Exchange-traded funds, which have grown by leaps and bounds since their introduction in 1993, are now attracting attention from what is seemingly the unlikeliest of corners: 401(k) plans. While mutual funds have been the cornerstone of 401(k)s, it's ETFs' ultra-low cost and avoidance of internal capital gains that is providing them this new lure. Any slight boost to performance in an age of single-digit returns, financial planners say, is worth a close look.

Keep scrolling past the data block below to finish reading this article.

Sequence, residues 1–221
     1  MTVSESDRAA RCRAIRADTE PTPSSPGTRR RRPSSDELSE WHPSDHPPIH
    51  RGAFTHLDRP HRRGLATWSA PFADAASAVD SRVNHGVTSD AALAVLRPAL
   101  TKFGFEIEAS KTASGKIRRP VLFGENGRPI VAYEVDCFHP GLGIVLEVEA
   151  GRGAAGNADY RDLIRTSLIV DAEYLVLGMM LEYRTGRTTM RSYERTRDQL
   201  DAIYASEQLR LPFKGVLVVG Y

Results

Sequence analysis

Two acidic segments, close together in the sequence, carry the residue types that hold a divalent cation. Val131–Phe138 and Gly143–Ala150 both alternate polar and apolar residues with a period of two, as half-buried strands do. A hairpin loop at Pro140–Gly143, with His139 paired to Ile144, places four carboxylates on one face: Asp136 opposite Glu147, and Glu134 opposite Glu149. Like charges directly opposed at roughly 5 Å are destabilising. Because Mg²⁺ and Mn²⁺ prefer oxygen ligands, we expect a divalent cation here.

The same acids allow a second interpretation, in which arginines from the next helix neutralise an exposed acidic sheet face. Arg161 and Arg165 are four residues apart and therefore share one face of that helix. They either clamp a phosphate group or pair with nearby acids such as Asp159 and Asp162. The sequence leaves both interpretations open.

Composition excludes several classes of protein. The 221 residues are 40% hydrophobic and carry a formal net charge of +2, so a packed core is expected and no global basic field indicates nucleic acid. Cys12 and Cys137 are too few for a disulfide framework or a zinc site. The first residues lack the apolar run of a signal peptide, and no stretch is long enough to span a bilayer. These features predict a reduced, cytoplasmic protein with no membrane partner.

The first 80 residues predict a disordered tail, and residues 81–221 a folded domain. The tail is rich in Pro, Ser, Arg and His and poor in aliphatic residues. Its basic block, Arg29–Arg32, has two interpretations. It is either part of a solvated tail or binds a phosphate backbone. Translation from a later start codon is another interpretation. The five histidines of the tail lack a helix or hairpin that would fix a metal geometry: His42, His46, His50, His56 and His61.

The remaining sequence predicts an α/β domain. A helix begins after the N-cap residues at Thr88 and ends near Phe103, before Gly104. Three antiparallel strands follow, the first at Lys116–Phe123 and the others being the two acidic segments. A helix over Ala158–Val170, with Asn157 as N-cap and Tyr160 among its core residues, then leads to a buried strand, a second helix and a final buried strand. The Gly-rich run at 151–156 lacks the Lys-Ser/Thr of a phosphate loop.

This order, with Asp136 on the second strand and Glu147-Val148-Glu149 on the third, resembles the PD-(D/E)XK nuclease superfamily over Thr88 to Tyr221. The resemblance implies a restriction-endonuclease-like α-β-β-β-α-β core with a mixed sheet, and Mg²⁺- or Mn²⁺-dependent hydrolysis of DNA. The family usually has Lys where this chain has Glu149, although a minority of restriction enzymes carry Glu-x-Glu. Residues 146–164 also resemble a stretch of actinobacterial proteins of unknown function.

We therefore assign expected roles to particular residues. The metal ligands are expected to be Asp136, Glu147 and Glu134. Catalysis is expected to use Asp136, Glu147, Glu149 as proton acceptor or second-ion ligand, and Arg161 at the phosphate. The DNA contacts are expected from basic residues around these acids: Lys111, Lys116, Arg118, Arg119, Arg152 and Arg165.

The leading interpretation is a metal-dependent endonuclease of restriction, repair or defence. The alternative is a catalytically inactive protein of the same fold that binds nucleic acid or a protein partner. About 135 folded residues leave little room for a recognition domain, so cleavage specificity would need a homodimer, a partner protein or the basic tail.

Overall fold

Last year, ETF assets swelled to $222 billion, an increase of 47%, according to Morningstar of Chicago. In fact, ETFs took in $54.4 billion in net flows in 2004, accounting for a whopping 30% of the $180.3 billion in net flows to all types of equity funds, according to TrimTabs Investment Research of Santa Clara, Calif.